Dwolla has been around for several years, but they have just launched a new featured called guest checkout that allows someone who does not have a Dwolla account to make a purchase on a merchant's site. Members who pay with Dwolla will need to enter their bank account number and routing number to make a payment, but if you explain how this saves your farm on fees, members will be happy to keep more money in their farmer's hands!
Read more on this new feature from Dwolla. We need a 3-5 early adopters to work with us to set up Dwolla on their Member Assembler sites, so please email us and we'll be in touch with next steps. After we have worked through the process of creating a new Dwolla account and connecting it with Member Assembler, we will create some comprehensive help documents with screenshots and open Dwolla up to everyone.
So, please let us know if you want to be the first to use this exciting new payment option!
We're proud to be sponsors of the Midwest CSA conference in Eau Claire, Wisconsin, January 10th & 11th. This is the only conference that I know of to focus specifically on CSA and I'm excited to be a part of it!
If you are going to there, be sure to stop by our table and say hi!
There is a great line-up of topics:
Hope to see some of you there!
I thought it would be fun for us to do a series on the blog of 'signature recipes' of the staff members here at Small Farm Central. Starting with me!
Refried beans are a staple in my house for a quick burrito meal or to make nachos. I almost always have these around. Since I find myself cooking beans so often, I splurged on a spanish olla (clay bean cooking pot) this summer. This brings even more pleasure to this process.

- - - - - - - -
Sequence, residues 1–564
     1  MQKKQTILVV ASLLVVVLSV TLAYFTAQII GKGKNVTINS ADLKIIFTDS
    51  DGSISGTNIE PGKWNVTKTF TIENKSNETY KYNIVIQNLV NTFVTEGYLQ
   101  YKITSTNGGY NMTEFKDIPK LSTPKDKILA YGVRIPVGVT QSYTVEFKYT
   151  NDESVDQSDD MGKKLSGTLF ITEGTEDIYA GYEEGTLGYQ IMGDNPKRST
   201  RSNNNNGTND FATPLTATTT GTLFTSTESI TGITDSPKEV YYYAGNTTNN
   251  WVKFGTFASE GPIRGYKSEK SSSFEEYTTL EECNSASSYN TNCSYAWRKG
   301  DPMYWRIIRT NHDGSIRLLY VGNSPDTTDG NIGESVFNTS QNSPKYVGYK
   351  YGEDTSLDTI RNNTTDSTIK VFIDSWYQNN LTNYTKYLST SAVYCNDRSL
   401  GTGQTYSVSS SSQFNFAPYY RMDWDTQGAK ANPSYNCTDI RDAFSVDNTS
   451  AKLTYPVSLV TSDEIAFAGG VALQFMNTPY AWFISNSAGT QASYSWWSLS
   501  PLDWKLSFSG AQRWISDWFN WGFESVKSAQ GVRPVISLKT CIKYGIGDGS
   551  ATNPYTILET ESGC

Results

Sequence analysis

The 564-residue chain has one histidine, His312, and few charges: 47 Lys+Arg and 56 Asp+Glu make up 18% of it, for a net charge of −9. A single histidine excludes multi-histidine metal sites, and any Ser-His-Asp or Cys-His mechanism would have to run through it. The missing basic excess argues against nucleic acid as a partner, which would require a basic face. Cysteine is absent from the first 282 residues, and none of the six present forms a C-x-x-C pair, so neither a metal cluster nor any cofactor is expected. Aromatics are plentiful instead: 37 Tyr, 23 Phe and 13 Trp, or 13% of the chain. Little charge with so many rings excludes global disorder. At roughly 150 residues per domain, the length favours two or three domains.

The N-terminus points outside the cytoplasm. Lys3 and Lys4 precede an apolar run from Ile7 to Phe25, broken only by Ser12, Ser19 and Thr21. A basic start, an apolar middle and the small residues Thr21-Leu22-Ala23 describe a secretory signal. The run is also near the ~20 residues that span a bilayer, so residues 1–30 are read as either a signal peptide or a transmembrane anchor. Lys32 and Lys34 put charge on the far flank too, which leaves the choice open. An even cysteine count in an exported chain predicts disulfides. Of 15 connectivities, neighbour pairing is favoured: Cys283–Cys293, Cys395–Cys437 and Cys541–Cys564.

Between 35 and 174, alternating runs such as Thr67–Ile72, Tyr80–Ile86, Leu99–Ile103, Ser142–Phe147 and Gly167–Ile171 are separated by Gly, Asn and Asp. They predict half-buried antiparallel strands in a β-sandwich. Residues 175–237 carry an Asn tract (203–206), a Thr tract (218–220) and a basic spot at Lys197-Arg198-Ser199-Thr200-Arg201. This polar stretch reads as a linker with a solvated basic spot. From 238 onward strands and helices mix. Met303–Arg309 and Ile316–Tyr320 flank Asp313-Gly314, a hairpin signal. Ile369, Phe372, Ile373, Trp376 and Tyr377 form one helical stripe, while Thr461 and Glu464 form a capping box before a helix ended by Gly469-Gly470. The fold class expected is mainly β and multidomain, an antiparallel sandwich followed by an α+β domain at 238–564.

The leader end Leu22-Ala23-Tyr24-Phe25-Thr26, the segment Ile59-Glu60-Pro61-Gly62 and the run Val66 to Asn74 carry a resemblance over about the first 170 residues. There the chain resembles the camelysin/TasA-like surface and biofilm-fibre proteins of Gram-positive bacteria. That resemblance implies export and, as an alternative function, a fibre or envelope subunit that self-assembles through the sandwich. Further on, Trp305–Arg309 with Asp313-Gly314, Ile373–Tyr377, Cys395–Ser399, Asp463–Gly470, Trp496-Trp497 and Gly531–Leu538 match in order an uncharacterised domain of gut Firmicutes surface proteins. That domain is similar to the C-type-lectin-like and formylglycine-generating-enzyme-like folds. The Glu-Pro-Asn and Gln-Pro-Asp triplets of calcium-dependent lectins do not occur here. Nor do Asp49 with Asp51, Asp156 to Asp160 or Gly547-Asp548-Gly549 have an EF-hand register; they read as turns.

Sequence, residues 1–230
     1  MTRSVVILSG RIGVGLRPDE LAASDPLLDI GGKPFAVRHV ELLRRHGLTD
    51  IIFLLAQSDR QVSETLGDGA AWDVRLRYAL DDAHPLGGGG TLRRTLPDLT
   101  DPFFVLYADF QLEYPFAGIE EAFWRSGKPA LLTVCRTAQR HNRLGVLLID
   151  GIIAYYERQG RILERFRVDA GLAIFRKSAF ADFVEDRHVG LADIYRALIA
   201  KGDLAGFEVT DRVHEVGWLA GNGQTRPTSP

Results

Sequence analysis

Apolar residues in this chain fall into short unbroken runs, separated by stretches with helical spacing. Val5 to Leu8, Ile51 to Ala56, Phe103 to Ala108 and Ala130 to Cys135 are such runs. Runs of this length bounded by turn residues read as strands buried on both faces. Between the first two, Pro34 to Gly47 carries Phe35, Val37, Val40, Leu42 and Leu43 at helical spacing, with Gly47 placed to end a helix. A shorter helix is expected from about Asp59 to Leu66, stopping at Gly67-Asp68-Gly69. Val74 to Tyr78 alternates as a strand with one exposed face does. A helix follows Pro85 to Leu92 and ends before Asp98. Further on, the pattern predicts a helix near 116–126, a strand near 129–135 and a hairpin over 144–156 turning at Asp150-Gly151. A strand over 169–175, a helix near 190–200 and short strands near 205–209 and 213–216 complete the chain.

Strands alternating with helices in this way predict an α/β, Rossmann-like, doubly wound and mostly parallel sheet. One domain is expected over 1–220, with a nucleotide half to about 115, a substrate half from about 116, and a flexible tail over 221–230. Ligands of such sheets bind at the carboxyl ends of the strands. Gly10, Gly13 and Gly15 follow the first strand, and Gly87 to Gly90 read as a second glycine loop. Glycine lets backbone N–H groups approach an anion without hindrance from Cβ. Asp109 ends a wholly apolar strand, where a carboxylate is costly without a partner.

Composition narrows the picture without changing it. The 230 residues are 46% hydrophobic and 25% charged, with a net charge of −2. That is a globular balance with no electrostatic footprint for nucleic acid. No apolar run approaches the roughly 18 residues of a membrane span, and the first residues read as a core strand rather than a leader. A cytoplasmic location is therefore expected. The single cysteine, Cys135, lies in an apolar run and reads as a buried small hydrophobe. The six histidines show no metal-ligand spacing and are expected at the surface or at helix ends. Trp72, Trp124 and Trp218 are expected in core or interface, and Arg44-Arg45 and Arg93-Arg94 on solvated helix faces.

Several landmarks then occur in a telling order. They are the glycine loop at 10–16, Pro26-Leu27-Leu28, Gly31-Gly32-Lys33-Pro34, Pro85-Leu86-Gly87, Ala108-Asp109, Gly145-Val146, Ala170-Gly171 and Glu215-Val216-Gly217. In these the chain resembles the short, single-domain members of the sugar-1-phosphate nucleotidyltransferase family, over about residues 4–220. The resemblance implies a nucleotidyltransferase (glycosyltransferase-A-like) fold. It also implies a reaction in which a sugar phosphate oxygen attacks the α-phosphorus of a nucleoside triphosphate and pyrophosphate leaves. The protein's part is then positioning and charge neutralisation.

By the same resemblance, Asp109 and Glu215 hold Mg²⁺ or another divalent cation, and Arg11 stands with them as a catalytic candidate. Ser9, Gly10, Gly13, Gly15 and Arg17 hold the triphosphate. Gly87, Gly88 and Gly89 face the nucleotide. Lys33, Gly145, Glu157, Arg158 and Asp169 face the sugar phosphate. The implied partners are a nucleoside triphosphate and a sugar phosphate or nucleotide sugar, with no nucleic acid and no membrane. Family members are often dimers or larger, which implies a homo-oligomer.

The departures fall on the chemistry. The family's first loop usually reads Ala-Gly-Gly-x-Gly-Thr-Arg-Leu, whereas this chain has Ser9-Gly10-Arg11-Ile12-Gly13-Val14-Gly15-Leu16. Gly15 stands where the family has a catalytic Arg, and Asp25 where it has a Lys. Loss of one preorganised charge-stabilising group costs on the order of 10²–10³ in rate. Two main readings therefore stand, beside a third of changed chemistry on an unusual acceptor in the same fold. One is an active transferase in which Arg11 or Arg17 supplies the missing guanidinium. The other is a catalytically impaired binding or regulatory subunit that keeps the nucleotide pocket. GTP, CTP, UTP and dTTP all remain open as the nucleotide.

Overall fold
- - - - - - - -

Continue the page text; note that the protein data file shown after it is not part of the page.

You can buy wonderful heirloom beans from Rancho Gordo, but for these every day refried beans I use basic pinto beans from the grocery store.
This a vegetarian recipe for refried beans, but I'm sure they would be wonderful refried with lard, too!
Simon's Signature Refried Beans
Eat beans on tortillas, in nachos, or in any mexican dish that uses refried beans!
It is my habit to make 2lbs of dry beans and freeze 1 or 2 quarts of the cooked beans before refrying. Then I can pull the frozen beans out in a week or two for another round of delicious beans!
Wishes of a happy Thanksgiving weekend filled with friends and family from Small Farm Central. You've earned it this year!
It's that time of year again...time to start thinking about holiday gifts and wish lists. We keep coming across lovely goods featured on our many Small Farm Central websites, so we thought we'd do a quick post about a few products. Farm products are a great solution for the hard-to-buy-for relative or friend.
1. Beeswax candles from Full Moon Honey. 2. Lemony Sage Mustard from Twin Oaks Farm. 3. Salami Gift Box from Foothill Farms. 4. Honey Oatmeal soap from Cherry Valley Organics. 5. Peach, Tarragon, Tangerine Sage Jam from Heritage Line Herbs. 6. Maple Syrup from Spring Harvest Maple. 7. Door County Whitefish Caviar from Ruleau Brothers, Inc.
This fall and early winter, we are hosting a series of online webinars on various aspects of the Member Assembler service to make you a member management expert! This is specifically for farmers already using Member Assembler who want to learn tips and tricks, but farms interested in the service who are not current subscribers, can also sit in on the calls. The goal of these sessions is to make you more confident and successful with Member Assembler!